Another example, from the same ministry: Bill Johnson is quoted with saying:
“It’s difficult to expect the same fruit of the early church when we value a book they didn’t have, more than the Holy Spirit they did have…”
At first glance, some of you are probably appalled at his statement. “How can a pastor question the value of scripture? Is he saying our charismatic experience is more important than God’s word?” Well, given this quote alone, I would be skeptical of their ministry because I’m not sure if the biblical truth is the lens through which they interpret their experiences.
Now, let’s examine the illusion that may be conjured by the reader perspective. “Bill Johnson’s ministry must be heretical because it doesn’t consider God’s word as valuable as their emotional and supernatural experiences”. Well, Beni addresses this in her book. In the appendix, she address the question “How do we know that we are praying to God’s will?” She writes “we must always use the Bible as a guideline.” So, the Bible is their guideline? Why not mention this earlier? It seems more important than shofars and anointing oil, right?
I think Bill’s point is that the church relies more heavily on the religiosity and legalism it has derived from scripture than it relies on the Holy Spirit that inspired scripture. His point is that we forget that the same Spirit that inspired those words is still at work to day and wants to partner with us. The Holy Spirit never acts contrary to scripture because His purpose is always to glorify Christ and scripture is the gift of God that details the story of Christ’s redemption of the world. I believe that the Johnsons’ point is that we need to actively partner with the Holy Spirit in order to see a fruitful church, but they fail to communicate that idea fully. And in the confusion, he loses the opportunity to communicate it at all.
I completely agree with the Johnsons’ underlying sentiments. We do need to prayer more. We do need to intercede. We do need to rely on the Holy Spirit’s leading- both through the context of scripture and personally as He guides our lives. However, my fear with the publications from Bethel is that the focus is seemingly on the supernatural results and the means of achieving those results, rather than glorifying God. Though I believe that this ministry (like any other) has its flaws, I highly doubt that this message is their intention. The problem isn’t that I disagree with what they are attempting to say; the problem is that they aren’t saying it. There is a false illusion of communication.
We are all guilty of conjuring illusions both as the communicator and the interpreter of communications. What God is revealing to me is the importance of allowing Him into not only my thoughts, but also the way I articulate them. Where we fail in communication, He is more than capable of getting His point across. Even so, wouldn’t it be more effective and efficient just to communicate in accordance with the will of God to begin with?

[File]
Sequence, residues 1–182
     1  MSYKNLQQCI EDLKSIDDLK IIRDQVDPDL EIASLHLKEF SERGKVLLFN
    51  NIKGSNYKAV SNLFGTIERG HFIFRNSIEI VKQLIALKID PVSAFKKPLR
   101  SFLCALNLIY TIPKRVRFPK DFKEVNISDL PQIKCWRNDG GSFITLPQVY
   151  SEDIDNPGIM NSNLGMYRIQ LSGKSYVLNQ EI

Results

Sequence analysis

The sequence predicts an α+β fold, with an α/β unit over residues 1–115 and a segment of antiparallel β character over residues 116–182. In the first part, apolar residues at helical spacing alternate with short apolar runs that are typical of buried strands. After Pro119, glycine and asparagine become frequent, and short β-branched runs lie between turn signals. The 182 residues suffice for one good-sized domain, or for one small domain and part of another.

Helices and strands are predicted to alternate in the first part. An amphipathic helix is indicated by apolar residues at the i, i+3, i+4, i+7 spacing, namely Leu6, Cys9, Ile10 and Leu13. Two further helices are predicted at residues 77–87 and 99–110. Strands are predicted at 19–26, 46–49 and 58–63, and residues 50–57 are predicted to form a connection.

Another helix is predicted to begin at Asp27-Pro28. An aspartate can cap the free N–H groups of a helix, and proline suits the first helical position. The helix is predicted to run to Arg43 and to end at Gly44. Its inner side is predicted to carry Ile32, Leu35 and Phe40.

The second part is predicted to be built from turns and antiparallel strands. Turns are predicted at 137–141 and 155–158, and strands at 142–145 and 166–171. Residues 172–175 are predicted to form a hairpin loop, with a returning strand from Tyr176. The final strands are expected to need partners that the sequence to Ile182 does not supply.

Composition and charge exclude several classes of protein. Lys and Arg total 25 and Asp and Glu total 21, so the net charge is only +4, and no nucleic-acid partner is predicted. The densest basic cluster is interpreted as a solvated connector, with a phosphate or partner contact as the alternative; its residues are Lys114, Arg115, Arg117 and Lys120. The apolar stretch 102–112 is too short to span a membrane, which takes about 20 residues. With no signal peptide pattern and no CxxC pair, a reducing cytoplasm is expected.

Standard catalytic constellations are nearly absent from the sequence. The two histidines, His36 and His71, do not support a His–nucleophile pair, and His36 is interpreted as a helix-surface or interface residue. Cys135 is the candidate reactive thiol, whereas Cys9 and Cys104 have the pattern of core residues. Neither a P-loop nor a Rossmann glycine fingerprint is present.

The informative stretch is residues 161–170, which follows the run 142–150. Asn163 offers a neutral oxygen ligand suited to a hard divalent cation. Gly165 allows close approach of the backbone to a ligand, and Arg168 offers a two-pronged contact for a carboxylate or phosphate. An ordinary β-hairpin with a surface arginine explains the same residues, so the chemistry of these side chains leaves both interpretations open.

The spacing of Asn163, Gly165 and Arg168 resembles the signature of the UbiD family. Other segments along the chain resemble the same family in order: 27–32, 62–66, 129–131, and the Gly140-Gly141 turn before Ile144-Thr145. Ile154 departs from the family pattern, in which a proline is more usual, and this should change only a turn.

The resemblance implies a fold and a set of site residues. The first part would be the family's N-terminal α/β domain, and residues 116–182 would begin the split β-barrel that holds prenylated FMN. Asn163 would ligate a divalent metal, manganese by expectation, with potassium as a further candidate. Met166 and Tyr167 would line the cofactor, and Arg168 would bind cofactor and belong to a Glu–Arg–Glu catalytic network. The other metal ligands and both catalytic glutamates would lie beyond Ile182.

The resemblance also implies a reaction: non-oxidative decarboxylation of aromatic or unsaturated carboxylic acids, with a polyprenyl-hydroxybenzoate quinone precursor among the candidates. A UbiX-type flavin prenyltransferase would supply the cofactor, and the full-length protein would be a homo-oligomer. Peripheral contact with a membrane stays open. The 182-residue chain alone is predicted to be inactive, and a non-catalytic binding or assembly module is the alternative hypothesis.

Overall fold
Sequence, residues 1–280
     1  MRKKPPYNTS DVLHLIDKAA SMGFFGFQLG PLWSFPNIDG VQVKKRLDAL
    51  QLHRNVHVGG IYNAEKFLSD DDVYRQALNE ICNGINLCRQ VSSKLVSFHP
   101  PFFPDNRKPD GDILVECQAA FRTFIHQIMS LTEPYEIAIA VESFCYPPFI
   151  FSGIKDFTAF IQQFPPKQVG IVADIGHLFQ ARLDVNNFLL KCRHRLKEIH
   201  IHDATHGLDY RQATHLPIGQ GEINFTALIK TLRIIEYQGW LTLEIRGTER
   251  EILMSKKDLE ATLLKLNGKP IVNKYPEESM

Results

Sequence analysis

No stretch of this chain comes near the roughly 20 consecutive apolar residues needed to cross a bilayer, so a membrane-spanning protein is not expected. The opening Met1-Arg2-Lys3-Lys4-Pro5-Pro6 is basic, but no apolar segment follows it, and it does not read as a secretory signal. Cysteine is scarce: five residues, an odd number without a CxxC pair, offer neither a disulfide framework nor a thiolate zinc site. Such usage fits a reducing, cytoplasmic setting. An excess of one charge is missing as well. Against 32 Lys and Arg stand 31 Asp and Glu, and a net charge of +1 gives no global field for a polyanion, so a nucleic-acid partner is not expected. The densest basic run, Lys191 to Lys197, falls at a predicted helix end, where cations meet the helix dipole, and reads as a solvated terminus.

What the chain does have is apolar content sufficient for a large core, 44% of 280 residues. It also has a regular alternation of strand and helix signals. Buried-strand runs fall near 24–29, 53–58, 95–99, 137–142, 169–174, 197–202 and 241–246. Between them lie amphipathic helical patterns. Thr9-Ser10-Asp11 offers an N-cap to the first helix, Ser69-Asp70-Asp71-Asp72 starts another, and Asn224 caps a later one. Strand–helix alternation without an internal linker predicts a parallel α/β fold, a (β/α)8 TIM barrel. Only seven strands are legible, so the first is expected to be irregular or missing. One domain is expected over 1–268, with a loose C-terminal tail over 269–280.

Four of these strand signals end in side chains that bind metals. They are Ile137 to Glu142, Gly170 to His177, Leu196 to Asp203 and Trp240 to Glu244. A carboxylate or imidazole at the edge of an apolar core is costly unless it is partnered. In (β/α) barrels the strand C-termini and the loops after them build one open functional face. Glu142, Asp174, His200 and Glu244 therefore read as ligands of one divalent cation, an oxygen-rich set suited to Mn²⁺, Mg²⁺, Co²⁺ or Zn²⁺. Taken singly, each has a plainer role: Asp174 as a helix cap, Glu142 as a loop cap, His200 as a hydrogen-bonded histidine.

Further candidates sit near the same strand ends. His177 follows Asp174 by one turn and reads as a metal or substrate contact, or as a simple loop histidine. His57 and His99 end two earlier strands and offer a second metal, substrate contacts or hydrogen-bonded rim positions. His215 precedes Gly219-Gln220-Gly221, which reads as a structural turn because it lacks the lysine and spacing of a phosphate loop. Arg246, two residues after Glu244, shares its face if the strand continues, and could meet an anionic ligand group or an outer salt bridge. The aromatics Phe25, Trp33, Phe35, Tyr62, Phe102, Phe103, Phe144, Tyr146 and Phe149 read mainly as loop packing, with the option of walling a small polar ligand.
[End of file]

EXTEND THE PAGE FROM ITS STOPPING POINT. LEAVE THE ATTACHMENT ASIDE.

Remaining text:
I’m grateful for God’s grace in this regard, and I am truly sorry for all the miscommunicated illusions I have created. If you are reading this, I am sure at some point in time, my communication flaws have hurt or hindered you. Please forgive me for these instances. My prayer is that God will continue to work in me, so that I can better articulate His message and better communicate how His Spirit is moving. My prayer is that God will be the center of all my communication so that I can truly be a mouthpiece of the Gospel.
Earlier today, a friend and I were having a conversation over coffee about our future relationships and careers. Kinda standard for most single girls in their twenties, right? Yet, there was one observation from our discussion this morning that has been haunting me all day. My friend summarized it best: “we can’t date potential”.
In other words, you can’t consider a relationship with someone because you like who they could be later down the road. When you begin a relationship with someone, you need to like who they are now and the possibility of the two of you journeying into the future together.
I totally agree, but I hadn’t considered the reciprocity of that statement: no one can date potential.
The bottom line is this: no guy should even consider beginning a relationship with me. Why? Because he shouldn’t settle for dating potential either. At this point, I have the potential to be a great partner in life and ministry … but, right now, it is just that- unrealized potential. I’ll be the first to admit there are some significant areas of growth in my transformational process that need to be tackled before I would even consider myself dateable.
Despite the fact that I don’t see myself in a relationship in the immediate future, I still need to begin seriously considering the fact that my future husband deserves way more than just potential.
And, more importantly, God is worthy of so much more than potential. So, here’s to working towards making that potential a reality.